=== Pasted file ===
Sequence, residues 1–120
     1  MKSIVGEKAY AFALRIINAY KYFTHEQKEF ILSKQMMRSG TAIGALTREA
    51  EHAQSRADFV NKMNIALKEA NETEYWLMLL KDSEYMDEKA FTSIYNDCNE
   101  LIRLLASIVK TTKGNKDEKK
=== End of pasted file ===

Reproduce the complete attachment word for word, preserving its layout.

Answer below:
Sequence, residues 1–120
     1  MKSIVGEKAY AFALRIINAY KYFTHEQKEF ILSKQMMRSG TAIGALTREA
    51  EHAQSRADFV NKMNIALKEA NETEYWLMLL KDSEYMDEKA FTSIYNDCNE
   101  LIRLLASIVK TTKGNKDEKK